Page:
Now without further ado…
25 Tips For Apartment Preppers
1. Invest in a good storage system.
Make sure you maximize space by really decking out your storage system. Yes, it’ll cost you quite a bit to do this at first, but in the long run, it’ll be very worthwhile considering space is a premium and you’ll want to be able to access what you’ve stockpiled quickly and easily when there’s an emergency.
2. Grow herbs inside.
You might not be able to have a full prepper garden, but you can still have herbs around the house. These will make mealtimes much nicer in case you do have to eat the same canned foods over and over again, say.
3. Don’t pass on having a tool kit.
You may not think you need very many tools because you live in a flat or apartment, but you’d be surprised what would’ve come in handy when you haven’t got it. Keeping a well stocked tool kit is something everyone should have, even if they’re not in a house.
4. Reinforce security.
This means better locks on doors, new windows if they’re not up to spec, and just altogether making your home as difficult to get into as possible.
5. Know your fire plan.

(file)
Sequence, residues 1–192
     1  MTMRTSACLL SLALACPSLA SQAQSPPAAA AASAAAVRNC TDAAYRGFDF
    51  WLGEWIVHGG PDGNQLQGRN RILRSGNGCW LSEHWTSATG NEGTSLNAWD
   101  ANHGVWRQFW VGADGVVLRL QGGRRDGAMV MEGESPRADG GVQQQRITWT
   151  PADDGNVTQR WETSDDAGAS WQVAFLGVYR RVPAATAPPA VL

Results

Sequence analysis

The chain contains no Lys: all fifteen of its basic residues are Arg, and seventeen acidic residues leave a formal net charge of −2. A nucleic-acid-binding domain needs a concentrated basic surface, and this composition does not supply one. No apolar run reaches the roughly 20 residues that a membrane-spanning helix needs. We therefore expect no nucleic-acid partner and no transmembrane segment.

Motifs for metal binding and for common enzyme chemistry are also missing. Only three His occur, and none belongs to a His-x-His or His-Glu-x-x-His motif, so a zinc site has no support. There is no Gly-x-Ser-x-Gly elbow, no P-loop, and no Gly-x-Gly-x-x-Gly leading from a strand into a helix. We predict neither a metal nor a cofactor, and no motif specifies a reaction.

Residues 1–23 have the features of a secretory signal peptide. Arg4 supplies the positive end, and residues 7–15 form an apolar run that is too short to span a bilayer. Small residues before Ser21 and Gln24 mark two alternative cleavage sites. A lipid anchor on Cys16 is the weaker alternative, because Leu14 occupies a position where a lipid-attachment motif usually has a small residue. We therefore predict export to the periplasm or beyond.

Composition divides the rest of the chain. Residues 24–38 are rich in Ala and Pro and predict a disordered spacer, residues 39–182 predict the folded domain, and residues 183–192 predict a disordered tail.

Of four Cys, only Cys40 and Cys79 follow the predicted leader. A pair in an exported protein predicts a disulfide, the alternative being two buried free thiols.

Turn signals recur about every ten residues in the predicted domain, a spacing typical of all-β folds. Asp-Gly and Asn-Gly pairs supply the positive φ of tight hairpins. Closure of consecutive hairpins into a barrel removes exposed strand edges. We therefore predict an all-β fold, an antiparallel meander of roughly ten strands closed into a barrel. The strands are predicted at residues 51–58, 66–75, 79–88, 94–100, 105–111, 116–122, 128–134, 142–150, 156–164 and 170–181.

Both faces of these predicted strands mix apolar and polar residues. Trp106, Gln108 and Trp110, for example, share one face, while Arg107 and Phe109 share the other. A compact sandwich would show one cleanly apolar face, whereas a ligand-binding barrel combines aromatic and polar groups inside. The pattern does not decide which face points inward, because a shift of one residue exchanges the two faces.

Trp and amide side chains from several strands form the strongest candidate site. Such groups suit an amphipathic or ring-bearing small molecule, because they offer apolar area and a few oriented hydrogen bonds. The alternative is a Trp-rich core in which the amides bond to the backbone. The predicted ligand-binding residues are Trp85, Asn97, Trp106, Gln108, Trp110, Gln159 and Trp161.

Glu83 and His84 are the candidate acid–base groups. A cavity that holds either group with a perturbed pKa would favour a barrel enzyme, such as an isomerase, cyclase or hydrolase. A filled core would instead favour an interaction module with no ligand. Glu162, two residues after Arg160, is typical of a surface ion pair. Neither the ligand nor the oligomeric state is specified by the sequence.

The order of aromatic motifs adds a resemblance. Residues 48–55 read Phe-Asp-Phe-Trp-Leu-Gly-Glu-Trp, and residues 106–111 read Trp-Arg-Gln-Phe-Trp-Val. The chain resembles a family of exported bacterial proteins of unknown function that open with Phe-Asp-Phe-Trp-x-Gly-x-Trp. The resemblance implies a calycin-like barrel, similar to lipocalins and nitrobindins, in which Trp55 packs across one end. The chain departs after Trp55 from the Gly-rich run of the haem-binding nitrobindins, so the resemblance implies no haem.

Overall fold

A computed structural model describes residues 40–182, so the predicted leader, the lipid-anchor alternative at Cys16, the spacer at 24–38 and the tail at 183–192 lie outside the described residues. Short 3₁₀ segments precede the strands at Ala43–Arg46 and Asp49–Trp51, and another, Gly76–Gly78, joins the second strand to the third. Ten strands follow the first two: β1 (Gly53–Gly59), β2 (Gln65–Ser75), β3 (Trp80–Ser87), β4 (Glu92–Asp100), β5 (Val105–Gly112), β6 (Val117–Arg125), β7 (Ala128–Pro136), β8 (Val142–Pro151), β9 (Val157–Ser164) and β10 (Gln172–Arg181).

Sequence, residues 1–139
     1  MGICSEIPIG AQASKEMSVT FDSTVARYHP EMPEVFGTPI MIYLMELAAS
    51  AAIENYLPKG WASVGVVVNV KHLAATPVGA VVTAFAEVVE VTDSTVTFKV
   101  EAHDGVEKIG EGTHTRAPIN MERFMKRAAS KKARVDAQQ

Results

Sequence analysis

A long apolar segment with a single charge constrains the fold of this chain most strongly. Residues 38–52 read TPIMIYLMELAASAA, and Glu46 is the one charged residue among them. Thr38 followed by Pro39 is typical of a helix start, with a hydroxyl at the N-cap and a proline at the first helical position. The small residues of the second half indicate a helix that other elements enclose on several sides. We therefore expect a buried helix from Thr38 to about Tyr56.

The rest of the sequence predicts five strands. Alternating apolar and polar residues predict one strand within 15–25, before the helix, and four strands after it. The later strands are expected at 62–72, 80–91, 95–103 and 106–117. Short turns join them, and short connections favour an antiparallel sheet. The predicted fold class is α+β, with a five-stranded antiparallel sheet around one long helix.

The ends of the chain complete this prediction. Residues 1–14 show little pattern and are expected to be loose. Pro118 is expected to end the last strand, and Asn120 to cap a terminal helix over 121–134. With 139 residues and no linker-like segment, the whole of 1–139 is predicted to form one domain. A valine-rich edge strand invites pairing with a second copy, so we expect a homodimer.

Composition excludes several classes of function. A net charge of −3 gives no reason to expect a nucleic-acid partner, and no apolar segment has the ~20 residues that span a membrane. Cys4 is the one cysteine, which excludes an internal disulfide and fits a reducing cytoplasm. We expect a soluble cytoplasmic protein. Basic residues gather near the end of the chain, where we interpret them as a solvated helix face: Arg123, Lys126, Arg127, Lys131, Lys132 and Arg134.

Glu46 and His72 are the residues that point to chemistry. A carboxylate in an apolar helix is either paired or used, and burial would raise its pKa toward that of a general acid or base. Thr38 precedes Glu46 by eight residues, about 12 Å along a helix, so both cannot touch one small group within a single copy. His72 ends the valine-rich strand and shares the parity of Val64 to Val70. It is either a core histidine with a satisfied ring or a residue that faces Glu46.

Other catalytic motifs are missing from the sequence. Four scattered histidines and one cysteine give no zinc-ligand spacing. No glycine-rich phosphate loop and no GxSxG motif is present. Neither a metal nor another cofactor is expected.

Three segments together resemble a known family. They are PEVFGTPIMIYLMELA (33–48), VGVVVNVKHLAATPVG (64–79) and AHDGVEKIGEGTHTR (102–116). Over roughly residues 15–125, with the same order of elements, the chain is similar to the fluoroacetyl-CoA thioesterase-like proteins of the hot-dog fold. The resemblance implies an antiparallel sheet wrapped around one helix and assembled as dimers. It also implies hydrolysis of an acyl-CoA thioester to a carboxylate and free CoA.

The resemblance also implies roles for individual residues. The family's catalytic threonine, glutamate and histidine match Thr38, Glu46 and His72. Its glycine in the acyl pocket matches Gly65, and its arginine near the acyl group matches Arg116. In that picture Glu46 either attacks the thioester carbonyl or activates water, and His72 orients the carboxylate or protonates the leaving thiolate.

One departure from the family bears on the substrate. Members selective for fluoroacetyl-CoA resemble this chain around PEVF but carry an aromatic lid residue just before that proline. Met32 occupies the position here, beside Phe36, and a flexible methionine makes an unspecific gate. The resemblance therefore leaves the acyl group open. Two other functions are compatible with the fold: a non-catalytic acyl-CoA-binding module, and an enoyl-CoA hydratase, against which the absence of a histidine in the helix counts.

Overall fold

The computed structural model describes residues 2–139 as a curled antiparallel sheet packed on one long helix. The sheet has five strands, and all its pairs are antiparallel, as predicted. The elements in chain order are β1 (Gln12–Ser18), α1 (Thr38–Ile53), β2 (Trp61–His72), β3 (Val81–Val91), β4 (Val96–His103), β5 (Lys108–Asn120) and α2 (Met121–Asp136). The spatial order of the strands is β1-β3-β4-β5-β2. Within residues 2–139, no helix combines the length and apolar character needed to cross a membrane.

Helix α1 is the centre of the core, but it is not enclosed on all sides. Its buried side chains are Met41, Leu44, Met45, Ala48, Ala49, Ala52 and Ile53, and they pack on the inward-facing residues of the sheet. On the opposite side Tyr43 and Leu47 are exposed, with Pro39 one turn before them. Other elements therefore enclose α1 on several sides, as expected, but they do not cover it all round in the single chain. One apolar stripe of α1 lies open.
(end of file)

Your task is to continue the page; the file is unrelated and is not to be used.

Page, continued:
Don’t just make a fire plan, mentally make sure you remind yourself and verbally remind anyone else you live with of what to do if a fire happens regularly.
6. Have fire blankets and fire extinguishers everywhere that makes sense.
Don’t just assume a fire will start in the kitchen. If it starts where the dryer is on the other end of the apartment or flat, you’re going to regret not having a fire blanket and extinguisher nearby. Have them everywhere that it makes sense to: and make sure you put them within reach! If your stove is in the middle of your kitchen, don’t put the fire blankets and extinguishers further in, past where you’d stand to get out of a fire’s way. Make sure if a fire breaks out you have easy access without having to jump into a flame to grab what you need!